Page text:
Type 2 diabetes management in a post-bariatric surgery patient

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A patient, aged 57 years, was admitted to the hospital to undergo gastric bypass surgery. He had a history of type 2 diabetes for ten years.

Diabetes management in a pre-, post-bariatric surgery patient
Diabetes management in a pre-, post-bariatric surgery patient

A patient, aged 57 years, was admitted to the hospital to undergo gastric bypass surgery. He had a history of type 2 diabetes for ten years.

Pre-admission diabetes therapy included metformin 1000 mg at morning and bedtime, insulin glargine (Lantus) 70 units every day in the afternoon or evening, insulin aspart (NovoLog) 30 units plus sliding scale three times per day.

The day prior to surgery, the patient reported taking metformin 1000 mg, insulin glargine 70 units, and insulin aspart 30 units with his evening meal. His hemoglobin A1c value was 8%, and it was taken just prior to surgery. The patient's blood glucose value on admission was 204 mg/dL.

Throughout the surgery, blood glucose values ranged from 208 to 214 mg/dL. Throughout the day, the patient received a total of 8 units of insulin aspart in correction doses for noted hyperglycemia.

The patient was instructed to take nothing by mouth on the day of surgery, and then was advised to start a bariatric clear liquid diet on post-operative day one, advancing as tolerated. This meal plan consisted of six small, liquid meals provided throughout the day with the goal of staying hydrated.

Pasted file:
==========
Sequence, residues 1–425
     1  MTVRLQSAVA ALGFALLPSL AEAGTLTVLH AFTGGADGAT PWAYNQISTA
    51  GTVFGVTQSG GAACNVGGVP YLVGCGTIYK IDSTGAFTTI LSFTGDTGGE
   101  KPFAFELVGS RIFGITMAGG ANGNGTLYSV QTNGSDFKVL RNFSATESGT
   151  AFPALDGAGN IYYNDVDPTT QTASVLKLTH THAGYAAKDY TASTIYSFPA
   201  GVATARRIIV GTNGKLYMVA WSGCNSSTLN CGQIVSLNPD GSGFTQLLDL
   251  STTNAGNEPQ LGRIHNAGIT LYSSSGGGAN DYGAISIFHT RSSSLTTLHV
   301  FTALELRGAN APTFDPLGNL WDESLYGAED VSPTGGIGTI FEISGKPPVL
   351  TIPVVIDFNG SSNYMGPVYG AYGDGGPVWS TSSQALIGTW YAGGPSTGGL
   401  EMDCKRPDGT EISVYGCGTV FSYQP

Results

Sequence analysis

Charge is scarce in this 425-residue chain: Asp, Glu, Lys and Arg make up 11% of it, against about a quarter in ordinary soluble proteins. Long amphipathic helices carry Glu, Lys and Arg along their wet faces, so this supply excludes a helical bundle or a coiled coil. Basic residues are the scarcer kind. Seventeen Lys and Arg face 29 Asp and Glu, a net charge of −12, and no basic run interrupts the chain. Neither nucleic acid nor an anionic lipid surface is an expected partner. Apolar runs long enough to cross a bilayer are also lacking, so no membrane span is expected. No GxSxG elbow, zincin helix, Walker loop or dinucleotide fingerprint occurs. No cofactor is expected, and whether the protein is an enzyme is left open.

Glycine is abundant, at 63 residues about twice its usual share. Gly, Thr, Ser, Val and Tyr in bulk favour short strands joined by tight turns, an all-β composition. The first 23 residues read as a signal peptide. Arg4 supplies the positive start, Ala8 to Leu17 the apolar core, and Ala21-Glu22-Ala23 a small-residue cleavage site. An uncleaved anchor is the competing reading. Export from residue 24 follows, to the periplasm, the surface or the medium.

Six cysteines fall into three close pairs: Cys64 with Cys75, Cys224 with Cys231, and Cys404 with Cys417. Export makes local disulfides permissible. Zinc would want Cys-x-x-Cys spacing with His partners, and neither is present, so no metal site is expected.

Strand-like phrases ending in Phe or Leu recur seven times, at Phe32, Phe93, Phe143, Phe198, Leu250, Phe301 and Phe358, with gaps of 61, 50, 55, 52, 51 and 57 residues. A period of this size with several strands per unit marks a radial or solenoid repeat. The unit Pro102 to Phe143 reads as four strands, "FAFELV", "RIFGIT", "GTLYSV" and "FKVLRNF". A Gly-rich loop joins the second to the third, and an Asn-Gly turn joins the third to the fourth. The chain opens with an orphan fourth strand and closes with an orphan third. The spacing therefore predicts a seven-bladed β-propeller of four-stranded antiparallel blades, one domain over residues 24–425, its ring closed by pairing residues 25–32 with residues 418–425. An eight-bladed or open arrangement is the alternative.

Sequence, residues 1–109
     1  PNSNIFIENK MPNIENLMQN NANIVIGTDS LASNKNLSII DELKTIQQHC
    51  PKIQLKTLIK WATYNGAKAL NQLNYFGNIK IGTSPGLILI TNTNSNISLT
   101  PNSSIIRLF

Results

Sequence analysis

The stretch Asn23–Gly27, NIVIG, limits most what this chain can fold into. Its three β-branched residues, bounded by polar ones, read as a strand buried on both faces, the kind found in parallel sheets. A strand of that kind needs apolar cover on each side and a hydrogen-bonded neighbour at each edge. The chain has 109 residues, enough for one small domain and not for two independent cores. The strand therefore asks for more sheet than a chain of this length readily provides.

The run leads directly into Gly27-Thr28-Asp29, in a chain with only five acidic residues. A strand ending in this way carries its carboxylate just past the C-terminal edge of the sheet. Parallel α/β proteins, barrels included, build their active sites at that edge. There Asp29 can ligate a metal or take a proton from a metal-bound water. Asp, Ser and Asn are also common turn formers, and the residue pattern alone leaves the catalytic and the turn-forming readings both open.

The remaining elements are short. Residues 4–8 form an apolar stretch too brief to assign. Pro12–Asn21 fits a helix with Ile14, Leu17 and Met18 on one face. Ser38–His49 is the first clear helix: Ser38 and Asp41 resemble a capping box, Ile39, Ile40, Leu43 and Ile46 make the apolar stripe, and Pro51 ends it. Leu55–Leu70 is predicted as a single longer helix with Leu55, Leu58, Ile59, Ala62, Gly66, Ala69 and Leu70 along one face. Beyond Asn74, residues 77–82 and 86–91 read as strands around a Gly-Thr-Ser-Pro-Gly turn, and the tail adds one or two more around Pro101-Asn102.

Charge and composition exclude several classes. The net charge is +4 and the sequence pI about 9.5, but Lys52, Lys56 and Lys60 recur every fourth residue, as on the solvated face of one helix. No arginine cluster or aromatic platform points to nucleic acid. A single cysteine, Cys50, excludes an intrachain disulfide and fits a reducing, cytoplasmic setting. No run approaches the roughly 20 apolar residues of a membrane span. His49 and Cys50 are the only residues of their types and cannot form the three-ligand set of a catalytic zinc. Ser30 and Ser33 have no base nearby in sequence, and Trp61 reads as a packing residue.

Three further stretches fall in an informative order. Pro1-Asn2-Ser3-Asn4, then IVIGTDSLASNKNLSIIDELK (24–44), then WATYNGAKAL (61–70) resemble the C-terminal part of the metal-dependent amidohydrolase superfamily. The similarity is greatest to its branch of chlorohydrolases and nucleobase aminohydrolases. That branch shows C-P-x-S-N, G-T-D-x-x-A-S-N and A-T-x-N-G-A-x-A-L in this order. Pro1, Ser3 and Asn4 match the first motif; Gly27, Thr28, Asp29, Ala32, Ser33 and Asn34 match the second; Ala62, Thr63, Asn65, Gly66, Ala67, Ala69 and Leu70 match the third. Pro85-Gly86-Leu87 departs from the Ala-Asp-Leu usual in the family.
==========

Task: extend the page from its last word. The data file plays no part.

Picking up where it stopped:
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On post-operative day two, blood glucose values ranged from 90 to 103 mg/dL. The patient continued to tolerate six small meals per day via a bariatric surgery diet. He was approved to dismiss from the hospital on post-operative day two. The patient was recommended to take a multivitamin with minerals daily after dismissal.

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Following surgery, the patient followed-up with his outpatient provider. He followed a bariatric diet in an effort to lose weight. Blood glucose values continued to range 80 to 90 mg/dL throughout the day throughout the first six months following surgery.